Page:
Breast cancer is the most common cancer among women. On average, 1 in 8 women develop breast cancer in their lifetimes. About two-thirds of women with breast cancer are 55 years or older. The human breast is made up of adipose along with a complex system of glands and ducts which help in milk production and lactation. Most breast cancers are a result of mutations in these ductal or glandular cells which leads to an abnormal multiplication of cells forming a tumor. Small tumors, cannot be felt but can often still be detected on mammograms or other radiology tests.
Risk factors associated with breast cancer-
- Physical inactivity
- Overweight & obesity after menopause
- Alcohol intake
- Reproductive history.
o First child after age 30.
o No breastfeeding
o Pre-term pregnancy.
- Taking hormones
o Hormone replacement therapy that includes both estrogen and progesterone during menopause for more than 5 years.
o Birth control methods include birth control pills, implants, IUDs, skin patches, or vaginal rings that contain hormones.
Symptoms of breast cancer-
- Swelling of the breast
- Lump in the armpitor collarbone
- Bloodyor clear nipple discharge
- Breast skin that looks like an orange peel
- Breast or nipple pain
- Red, itchy, or thick nipple or breast skin
If a lump is present on self-examination or if something shows up on a mammogram following tests can be advised by the physician-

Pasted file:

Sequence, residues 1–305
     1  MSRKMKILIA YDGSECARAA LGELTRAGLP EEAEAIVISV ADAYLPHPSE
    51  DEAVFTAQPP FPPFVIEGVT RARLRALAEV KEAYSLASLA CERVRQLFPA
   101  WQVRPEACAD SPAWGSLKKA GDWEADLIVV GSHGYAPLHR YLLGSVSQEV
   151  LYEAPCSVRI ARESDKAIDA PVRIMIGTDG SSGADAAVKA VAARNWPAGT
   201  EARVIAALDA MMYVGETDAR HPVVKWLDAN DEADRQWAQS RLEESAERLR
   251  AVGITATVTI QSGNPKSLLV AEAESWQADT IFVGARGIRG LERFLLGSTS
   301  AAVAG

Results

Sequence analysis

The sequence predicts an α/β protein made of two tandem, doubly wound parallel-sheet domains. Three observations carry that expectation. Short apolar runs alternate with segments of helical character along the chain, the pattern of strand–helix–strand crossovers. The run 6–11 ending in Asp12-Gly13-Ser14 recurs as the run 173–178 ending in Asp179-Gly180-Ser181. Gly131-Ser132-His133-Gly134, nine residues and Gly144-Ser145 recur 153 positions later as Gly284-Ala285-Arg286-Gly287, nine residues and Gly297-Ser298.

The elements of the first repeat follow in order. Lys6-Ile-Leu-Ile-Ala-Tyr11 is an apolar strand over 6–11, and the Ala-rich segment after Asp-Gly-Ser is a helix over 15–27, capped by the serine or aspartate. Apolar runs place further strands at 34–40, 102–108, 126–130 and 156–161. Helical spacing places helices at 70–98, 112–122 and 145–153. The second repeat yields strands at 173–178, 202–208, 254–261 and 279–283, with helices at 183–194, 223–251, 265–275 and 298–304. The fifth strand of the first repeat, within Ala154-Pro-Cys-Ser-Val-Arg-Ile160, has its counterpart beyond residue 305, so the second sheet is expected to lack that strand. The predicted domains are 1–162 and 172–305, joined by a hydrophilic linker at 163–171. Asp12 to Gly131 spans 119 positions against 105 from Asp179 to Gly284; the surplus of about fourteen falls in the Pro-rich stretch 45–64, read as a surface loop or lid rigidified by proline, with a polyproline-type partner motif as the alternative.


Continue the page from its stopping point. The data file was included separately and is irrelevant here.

- Ultrasound- It uses sound waves to take a picture of the breast.
- Mammogram-This detailed X-ray gives a better view of lumps and other problems.
- Magnetic resonance imaging (MRI)-A magnet linked to a computer is used to create detailed images of the insides of the breasts.
- Biopsy-A tissue or fluid is removed from the breast & is seen under a microscope to check for cancer cells & their type.
Breast Cancer Prevention-
- Control weight-Extra pounds and weight gain as an adult raises odds for breast cancer after menopause.
- Start exercising-Exercise lowers the risk of breast cancer. Aim for 150 minutes of moderate or 75 minutes of heavy activity each week (or a mix of the two)
- Limit or skip alcohol- Women should have no more than 1 alcoholic drink a day. That’s 12 ounces of beer, 5 ounces of wine, or 1.5 ounces of 80-proof distilled spirits (hard liquor).
- Breastfeed-Longer breastfeeding is better to lower the risk of breast cancer.
- Limit hormone therapy after menopause-Ask a doctor for non-hormonal options to treat symptoms of menopause.
American Cancer Society has provided the following guidelines for screening & early diagnosis of ca breast:
|Cancer Site||Population||Test or Procedure||Frequency|
|Breast||Women, age 20+ years||Breast self-examination||Monthly, starting at age 20 years.|
|Clinical breast examination||Every 3 years, ages 20-39 years. Annual, starting at age 40 years.|
|Mammography||Annual, starting at age 40 years.|
- Nearly 100% of women whose cancer is only in their breast live at least 5 years after diagnosis.